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Fokker D.VII
Albatros - early built


Roden 1/48

S u m m a r y

Catalogue Number: Fokker D.VII (Albatros-early built) Kit #421
Scale: 1/72
Contents and Media: 90 parts in injection moulded plastic; markings for four aircraft
Price: USD$15.96  from Squadron.com
Review Type: FirstLook
Advantages: Well-researched, accurate and superb attention to detail.
Disadvantages: Some short moulding of lower wing scallops.
Recommendation: Highly Recommended


Reviewed by Robert Baumgartner

 Roden's 1/48 scale Fokker D.VII Albatros early build is available online from Squadron.com




Roden’s release of the early Albatros-built version to their existing range of the Fokker D.VII is a welcome one. Licence variations were significant so this latest offering provides the modeler with a sound basis to reproduce these differences.  

As expected the majority of the sprues have been seen before, but to cater for this option, Roden include a new “H” sprue. This contains a new radiator, top engine covers, and side panels, all-important items to produce this particular version. 

The total of five sprues remains the same and these have been moulded in the familiar soft grey plastic. Although there are 90 parts in all, the spare parts box will again profit as many of them are used for other releases or options. Despite the number of sprues that the moulds have produced so far, there is no deterioration in quality. The detail on the parts remains sharp and clear with only a minimum of flash. 


Click on the thumbnails below to view larger images:

Construction starts with the engine and here Roden provide both Mercedes and BMW engines. In this case the former is chosen and looks very nice when assembled.

Be careful when installing it into the nose section, as it is very easy to have the engine sitting too low.  

To save in tooling costs, the rear fuselage sections are in separate parts. Fortunately, some prior test fitting will ensure that these sub assemblies come together with a minimum of fuss. 

The fuselage halves are very nicely done with tubular frame detail moulded onto their insides. A quite comprehensive cockpit is supplied. Along with the more usual floor, seat, rudder bar, control column, Roden also provide the pressure pump, compass and tachometer. Additional items are the fuel tank (with gauge), forward cross member, rear “fabric” screen and instrument panel. This latter item is in the “Fokker” layout so purists may want to modify it to one more typical of Albatros.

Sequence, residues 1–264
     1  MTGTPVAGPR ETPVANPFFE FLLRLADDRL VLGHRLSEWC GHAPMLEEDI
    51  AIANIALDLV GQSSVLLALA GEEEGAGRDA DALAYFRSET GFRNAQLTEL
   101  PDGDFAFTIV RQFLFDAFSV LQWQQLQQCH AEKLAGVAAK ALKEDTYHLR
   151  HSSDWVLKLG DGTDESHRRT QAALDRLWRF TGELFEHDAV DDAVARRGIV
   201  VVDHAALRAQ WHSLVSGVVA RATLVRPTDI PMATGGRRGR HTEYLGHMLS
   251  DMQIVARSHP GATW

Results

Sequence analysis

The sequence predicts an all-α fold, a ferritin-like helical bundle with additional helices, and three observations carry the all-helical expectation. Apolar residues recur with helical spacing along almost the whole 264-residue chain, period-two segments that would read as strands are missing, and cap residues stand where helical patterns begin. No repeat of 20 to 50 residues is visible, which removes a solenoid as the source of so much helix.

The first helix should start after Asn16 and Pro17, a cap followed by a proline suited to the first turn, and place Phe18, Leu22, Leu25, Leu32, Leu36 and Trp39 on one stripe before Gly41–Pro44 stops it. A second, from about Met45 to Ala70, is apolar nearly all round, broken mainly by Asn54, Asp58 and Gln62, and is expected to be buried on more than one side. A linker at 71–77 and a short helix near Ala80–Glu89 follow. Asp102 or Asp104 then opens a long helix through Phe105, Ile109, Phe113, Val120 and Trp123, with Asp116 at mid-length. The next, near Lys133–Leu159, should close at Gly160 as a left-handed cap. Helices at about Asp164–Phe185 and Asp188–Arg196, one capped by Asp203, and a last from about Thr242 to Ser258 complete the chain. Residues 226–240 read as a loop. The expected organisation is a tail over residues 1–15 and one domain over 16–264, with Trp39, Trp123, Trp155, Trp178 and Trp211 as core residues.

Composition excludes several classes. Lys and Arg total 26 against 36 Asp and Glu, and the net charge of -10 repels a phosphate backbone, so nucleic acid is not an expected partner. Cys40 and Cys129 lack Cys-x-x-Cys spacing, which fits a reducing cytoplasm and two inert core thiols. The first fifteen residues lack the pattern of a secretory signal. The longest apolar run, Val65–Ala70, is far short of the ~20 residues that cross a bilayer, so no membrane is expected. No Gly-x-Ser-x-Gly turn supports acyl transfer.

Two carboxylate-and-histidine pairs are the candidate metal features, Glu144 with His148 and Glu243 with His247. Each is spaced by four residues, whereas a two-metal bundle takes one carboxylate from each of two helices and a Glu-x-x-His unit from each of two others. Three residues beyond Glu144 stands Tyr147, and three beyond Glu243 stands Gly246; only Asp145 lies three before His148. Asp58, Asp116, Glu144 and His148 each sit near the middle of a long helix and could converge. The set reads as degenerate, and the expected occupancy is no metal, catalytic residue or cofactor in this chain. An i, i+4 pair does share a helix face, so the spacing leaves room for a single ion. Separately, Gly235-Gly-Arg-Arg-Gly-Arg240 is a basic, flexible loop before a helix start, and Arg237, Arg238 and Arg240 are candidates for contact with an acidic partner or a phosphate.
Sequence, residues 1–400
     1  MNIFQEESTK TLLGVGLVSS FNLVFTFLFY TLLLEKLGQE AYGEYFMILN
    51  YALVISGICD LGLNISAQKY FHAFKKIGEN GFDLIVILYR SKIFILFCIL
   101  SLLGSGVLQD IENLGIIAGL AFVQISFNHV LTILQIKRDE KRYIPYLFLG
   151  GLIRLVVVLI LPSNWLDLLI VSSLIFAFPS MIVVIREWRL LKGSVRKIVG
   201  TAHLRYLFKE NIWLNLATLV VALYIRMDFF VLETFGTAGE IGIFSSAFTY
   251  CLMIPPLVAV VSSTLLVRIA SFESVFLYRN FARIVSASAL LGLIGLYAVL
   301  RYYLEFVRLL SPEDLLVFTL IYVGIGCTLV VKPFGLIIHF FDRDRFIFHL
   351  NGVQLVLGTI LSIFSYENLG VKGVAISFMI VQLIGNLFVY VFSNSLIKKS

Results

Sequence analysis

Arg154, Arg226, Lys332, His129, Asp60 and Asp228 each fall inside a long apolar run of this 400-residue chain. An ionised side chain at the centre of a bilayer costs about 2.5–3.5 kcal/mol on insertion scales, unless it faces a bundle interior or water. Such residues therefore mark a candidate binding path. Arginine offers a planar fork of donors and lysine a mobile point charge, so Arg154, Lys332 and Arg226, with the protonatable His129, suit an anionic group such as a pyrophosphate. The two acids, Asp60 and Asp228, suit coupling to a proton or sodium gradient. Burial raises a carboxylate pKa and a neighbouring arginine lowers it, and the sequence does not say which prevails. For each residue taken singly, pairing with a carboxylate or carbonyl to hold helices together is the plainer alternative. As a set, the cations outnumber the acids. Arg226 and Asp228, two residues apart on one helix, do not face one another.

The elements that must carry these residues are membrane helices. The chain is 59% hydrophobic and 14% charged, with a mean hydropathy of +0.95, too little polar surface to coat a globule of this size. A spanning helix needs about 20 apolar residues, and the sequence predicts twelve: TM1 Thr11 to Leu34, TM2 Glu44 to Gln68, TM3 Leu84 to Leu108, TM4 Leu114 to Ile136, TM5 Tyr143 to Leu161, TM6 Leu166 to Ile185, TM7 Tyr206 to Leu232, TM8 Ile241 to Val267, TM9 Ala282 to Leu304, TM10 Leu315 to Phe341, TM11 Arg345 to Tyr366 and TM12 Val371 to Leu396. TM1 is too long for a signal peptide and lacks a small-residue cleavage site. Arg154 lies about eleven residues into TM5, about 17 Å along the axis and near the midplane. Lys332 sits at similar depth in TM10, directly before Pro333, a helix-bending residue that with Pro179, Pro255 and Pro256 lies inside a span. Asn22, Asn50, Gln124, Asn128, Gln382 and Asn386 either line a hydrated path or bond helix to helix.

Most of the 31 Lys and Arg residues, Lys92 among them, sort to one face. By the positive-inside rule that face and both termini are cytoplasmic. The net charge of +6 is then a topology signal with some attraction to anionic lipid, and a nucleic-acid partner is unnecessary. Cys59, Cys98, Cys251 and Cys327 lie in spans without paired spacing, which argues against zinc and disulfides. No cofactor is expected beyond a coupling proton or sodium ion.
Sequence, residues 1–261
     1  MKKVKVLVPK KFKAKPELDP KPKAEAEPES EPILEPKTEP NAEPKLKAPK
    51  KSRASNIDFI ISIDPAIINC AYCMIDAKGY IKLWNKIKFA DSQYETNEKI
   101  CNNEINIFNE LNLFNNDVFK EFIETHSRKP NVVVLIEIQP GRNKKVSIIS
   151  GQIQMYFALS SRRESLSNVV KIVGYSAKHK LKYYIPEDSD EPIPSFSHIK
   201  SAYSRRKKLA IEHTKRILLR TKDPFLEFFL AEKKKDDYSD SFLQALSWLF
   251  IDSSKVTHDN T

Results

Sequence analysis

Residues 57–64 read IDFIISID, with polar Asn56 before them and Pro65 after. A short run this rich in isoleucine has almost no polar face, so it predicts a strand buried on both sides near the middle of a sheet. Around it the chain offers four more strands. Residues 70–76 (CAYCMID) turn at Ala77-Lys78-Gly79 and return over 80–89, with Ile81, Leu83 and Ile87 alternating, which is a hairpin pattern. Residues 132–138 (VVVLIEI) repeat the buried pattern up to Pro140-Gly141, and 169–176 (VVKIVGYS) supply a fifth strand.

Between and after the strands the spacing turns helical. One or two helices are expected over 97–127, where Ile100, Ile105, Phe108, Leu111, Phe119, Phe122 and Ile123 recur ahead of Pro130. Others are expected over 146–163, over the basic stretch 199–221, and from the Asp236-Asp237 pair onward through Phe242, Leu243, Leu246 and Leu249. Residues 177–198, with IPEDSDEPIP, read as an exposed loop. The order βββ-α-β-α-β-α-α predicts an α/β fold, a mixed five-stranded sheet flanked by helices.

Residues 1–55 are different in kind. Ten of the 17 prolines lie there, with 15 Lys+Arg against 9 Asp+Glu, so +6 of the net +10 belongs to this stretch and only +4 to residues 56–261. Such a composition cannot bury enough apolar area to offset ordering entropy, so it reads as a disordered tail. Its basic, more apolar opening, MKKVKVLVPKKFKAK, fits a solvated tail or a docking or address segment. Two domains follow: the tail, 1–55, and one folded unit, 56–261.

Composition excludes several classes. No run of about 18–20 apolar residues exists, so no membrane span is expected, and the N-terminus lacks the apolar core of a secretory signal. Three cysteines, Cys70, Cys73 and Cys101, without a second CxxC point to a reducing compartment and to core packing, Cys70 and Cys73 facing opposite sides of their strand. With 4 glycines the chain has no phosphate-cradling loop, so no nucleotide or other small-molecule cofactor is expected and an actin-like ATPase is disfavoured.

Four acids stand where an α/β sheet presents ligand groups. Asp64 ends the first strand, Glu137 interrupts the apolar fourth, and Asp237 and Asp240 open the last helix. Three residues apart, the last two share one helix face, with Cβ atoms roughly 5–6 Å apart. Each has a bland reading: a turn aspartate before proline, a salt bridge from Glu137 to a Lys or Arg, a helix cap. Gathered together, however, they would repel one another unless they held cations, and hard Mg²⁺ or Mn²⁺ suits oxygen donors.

Other items that can be incorporated into this area are the auxiliary “throttle” lever and ignition control handle. Both of these are located on the port side of the cockpit.

Don’t be put off by the shallow ejector pin marks on the inner fuselage surfaces. These do not become obvious on the completed model. 

A couple of notches are present to ensure that the lower wing locates securely into the fuselage. This is a tight fit and a little trimming is needed to ensure that no anhedral is introduced. 

Both wings come as upper and lower halves with separate wingtips. Careful alignment will allow for a snug fit but there is still the problem of the “short moulded” lower wing. This has resulted in the loss of some of the scalloping on the trailing edge and a little bit of putty to needed to recreate these. While on the subject of the lower wing, don’t forget to add the stacking pads. 

The surface detail on the wings is very well done with a subtle representation of both the ribs and plywood sheathing. The separate ailerons are a welcome feature, as are the elevators and rudder, and all feature slots to allow for the secure attachment of the control horns.  

One area of construction that may tax the builder is the attachment of the upper wing.

The struts have to be perfectly positioned and those that make the fully cowled version will need to thin the side panel entry holes. This will help in positioning the struts at the correct angle.